The 2021 Jeep Grand Cherokee L has been snapped during testing in Melbourne.

    The live seven-seater sighting comes just a week after Fiat Chrysler confirmed it’s working on a bespoke suspension tune for the Grand Cherokee L in Australia, and two weeks after a camouflaged Compass was spied testing on local roads.

    “We’re testing the Grand Cherokee in Australia, we’re going to test your roads, we’re going to test your dirt roads, test the towing capacity because we know it’s important in your market,” Jeep global president Christian Meunier recently told Australian media.

    “Obviously that’s important, with your own fuel, with everything that comes with Australia, and we’re going to tweak it, we’re going to make it better, we’re going to make it perfect. We’re very determined to do that,” he said.

    The changes are expected to focus on towing, a particular focus of large SUV buyers in Australia.

    Jeep says the local team will also look into the car’s performance on gravel and off-road, and undertake hot weather testing in Alice Springs.

    Given the Grand Cherokee was Jeep’s best-seller in Australia last year, the update remains a critical model for the brand.

    The new Grand Cherokee L will arrive in Australia later this year. The five-seat Grand Cherokee hasn’t been unveiled, but will be in the near future.

    The 2021 model is built on an all-new architecture, designed to be stiffer, lighter, and subsequently more efficient and safer than before.

    High-spec models will support hands-free driving on the highway thanks to Fiat Chrysler’s latest Level 2 autonomous driver aids, although they won’t be available until late in 2021 or early in 2022.

    The Grand Cherokee L rides on an adaptive air suspension that’s constantly adjusting to smooth out the ride. Jeep says it can quickly lower at both axles simultaneously, rather than having to creep down one axle at a time.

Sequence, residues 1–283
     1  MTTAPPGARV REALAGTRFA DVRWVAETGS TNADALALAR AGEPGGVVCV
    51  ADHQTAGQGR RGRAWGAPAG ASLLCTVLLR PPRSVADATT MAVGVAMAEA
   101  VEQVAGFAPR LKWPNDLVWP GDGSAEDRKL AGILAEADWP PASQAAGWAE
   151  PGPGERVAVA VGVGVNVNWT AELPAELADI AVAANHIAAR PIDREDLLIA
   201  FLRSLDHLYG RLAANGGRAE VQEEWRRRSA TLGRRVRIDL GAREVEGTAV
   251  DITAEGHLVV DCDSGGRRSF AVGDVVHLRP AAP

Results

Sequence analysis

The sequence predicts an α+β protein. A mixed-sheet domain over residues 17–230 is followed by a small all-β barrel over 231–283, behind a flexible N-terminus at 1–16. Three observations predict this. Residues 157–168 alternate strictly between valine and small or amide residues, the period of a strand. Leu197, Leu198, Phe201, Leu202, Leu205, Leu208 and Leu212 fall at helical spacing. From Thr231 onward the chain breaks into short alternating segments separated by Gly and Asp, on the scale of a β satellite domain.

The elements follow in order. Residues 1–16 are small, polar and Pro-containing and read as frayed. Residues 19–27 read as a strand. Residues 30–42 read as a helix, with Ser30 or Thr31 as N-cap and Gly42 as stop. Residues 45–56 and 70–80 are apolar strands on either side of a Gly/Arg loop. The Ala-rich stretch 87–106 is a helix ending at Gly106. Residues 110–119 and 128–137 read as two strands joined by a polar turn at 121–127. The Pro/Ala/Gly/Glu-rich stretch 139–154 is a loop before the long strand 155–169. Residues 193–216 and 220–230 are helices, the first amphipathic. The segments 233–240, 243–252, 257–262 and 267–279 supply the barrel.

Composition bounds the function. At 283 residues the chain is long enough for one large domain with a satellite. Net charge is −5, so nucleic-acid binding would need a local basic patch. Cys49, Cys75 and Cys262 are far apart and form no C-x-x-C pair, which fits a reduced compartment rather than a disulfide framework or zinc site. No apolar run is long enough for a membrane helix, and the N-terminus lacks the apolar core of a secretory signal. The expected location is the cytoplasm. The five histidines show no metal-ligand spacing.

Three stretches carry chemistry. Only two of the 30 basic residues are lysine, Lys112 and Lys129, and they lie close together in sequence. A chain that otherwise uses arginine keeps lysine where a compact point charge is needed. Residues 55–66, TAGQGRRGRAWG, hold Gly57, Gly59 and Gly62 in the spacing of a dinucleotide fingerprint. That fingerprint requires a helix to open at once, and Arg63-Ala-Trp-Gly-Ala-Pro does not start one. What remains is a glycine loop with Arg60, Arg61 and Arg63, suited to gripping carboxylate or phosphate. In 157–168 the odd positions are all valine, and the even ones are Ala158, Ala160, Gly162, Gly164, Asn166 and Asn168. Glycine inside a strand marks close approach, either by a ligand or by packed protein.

Jeep has always pitched the Grand Cherokee as an almost-premium SUV. It’s taken a number of measures to smooth out noise and vibrations, including active engine mounts that soften off at idle for better refinement, but stiffen up at speed to make sure the car feels stiff and the suspension can do its job.

    There’s also active noise cancellation, double-sealed body joins and door seals, and acoustic glass to keep the outside, well, on the outside.

    Power in the USA will come from a choice of two engines:

    • A 3.6-litre petrol V6 with 216kW of power and 350Nm of torque
    • A 5.7-litre petrol V8 with 266kW of power and 530Nm of torque

    Braked towing capacity for the V6 is 2810kg, while the bigger V8 engine can haul 3265kg.

    Both engines are mated to an eight-speed torque converter automatic transmission, and both are all-wheel drive. To save fuel, the all-wheel drive system will automatically decouple the front axle when it’s not required.

    A plug-in hybrid is also set to launch by early 2022.

    Inside, the new Grand Cherokee represents a giant leap forward from the current car. Central to the cabin is an 8.4- or 10.1-inch touchscreen infotainment system built on Google’s latest Android Automotive bones, and the driver is faced with a customisable 10.25-inch gauge cluster.

    It’s not all about high-end sizzle inside. With wider-opening doors and a 3091mm wheelbase, Jeep says the new car is easier to get into/out of and more spacious once you’re inside.

    MORE: Jeep Grand Cherokee news, reviews, comparisons and videos
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    Scott Collie

    Scott Collie is an automotive journalist based in Melbourne, Australia. Scott studied journalism at RMIT University and, after a lifelong obsession with everything automotive, started covering the car industry shortly afterwards. He has a passion for travel, and is an avid Melbourne Demons supporter.

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